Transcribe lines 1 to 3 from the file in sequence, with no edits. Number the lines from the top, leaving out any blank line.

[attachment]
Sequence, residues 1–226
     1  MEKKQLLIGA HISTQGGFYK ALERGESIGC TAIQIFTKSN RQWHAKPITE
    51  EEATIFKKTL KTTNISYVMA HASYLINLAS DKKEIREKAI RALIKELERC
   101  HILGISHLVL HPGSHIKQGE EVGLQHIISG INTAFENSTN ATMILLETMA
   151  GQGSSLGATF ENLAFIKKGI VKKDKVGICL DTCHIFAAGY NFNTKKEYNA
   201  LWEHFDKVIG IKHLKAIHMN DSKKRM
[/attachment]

Sequence, residues 1–226
     1  MEKKQLLIGA HISTQGGFYK ALERGESIGC TAIQIFTKSN RQWHAKPITE
    51  EEATIFKKTL KTTNISYVMA HASYLINLAS DKKEIREKAI RALIKELERC